3. I love to work, but I hate being told when and where to do it. That might be some kind of childhood issue but it's how I function. Better to embrace it and use that as a strength.

What is the biggest challenge for remote workers/digital nomads?

First, being effective. I don't really travel much anymore because creative results come from consistency. But even staying in one place the classic entrepreneurial dilemma is trying to figure out what to work on amidst the options, especially when the only human interaction you have is with a screen.

Second, staying motivated for some of the same reasons above.

Third, you are your biggest enemy. In uncharted territory it's not always clear what you're doing. You have to meticulously build your own frameworks around how much you should work, when you should work, how much money you need to make, and so forth, and this can be really really hard.

 
 

Where are you heading next?

After traveling for 3 weeks in the Canaries, Southern Spain, and Portugual, I'm heading back to Budapest to get some actual work done again

Why did you choose to become location independent?

The main reason was I wanted to travel, and I wanted more than 1 week a year off as is typical in the USA. So combining travel and entrepreneurship made a ton of sense.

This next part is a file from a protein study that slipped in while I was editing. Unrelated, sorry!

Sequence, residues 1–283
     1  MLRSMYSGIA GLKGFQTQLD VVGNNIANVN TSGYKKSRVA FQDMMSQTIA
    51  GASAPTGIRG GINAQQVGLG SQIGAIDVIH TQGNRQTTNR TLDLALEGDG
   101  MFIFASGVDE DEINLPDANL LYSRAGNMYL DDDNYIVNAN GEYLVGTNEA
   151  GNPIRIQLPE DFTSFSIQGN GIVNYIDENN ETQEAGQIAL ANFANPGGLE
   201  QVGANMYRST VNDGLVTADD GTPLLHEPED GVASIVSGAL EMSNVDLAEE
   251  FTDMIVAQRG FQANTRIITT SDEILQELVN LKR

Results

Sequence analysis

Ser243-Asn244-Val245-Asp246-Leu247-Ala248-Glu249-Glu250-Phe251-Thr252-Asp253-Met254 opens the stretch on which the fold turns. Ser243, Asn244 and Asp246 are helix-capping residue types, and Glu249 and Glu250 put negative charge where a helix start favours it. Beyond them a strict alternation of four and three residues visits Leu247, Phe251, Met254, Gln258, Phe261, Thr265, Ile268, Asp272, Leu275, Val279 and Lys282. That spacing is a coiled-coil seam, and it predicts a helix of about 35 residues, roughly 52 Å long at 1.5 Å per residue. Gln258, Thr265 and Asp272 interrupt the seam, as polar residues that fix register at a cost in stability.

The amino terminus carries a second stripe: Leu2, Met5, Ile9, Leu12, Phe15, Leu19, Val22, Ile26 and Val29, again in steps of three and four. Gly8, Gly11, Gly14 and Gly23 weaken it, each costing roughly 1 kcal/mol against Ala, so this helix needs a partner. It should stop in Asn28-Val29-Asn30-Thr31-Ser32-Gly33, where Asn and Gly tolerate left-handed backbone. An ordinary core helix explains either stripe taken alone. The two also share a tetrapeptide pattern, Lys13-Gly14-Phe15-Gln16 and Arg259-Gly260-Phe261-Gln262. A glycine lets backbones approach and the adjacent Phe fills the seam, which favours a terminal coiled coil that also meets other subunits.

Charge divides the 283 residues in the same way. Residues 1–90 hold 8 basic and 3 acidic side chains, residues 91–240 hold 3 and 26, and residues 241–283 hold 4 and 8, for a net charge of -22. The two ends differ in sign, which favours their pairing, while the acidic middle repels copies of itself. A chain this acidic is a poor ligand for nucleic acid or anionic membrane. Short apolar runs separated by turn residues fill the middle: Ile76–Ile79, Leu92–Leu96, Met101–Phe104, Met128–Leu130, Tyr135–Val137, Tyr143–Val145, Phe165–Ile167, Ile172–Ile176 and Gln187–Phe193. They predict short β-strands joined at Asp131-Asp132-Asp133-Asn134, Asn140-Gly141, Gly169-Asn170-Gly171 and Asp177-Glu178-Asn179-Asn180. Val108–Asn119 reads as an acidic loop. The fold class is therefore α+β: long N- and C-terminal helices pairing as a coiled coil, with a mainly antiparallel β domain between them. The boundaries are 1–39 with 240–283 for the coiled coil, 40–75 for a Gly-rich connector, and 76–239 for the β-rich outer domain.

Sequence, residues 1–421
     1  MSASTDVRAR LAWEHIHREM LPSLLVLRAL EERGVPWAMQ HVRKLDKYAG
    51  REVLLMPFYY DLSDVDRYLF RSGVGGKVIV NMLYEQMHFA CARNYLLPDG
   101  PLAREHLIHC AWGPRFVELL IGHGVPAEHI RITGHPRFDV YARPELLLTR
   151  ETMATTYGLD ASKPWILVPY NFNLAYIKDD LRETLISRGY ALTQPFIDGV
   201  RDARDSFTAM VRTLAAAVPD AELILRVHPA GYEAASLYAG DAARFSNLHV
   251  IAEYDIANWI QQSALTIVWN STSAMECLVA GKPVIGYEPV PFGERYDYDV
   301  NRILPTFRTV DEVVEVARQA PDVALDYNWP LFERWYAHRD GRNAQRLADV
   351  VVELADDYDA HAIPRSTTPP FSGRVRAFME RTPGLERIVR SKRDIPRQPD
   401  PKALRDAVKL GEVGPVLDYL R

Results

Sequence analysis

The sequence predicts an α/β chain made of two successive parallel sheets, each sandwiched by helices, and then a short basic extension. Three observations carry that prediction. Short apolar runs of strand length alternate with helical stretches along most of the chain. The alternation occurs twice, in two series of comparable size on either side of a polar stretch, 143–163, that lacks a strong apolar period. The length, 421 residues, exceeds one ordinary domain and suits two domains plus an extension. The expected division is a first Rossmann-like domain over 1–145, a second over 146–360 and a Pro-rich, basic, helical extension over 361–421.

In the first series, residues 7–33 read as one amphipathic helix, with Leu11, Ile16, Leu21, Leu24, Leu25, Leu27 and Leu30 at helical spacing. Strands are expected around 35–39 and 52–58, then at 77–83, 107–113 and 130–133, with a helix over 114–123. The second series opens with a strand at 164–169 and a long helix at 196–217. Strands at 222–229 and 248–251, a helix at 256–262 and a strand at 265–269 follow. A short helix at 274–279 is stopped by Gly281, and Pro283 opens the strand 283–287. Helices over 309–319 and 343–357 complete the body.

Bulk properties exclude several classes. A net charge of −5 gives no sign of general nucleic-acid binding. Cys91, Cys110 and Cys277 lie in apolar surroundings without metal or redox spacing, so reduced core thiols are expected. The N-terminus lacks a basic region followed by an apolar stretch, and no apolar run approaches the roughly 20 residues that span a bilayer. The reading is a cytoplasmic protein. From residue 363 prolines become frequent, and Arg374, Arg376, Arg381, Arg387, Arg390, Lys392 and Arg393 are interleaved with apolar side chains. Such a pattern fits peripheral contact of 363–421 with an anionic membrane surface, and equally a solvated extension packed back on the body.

Are you constantly traveling or rather doing trips from a long term base?

Traveling from a base. I love staying in one place for a few months and exploring from there. All the advantages of consistency with the travel part built in too.

Traveling from a base. I love staying in one place for a few months and exploring from there. All the advantages of consistency with the travel part built in too.

Do you have any routines on your travels?

It depends on the type of trip I'm on.
With a sort of binge travel trip it all goes out the window, but I still try to eat, sleep, exercise well, and still get a few hours of work in each day.
For longer trips the ticket for me is working until midday then traveling or exploring. I like to get plenty of exercise so I usually block off part of the afternoon on MWF to hit the gym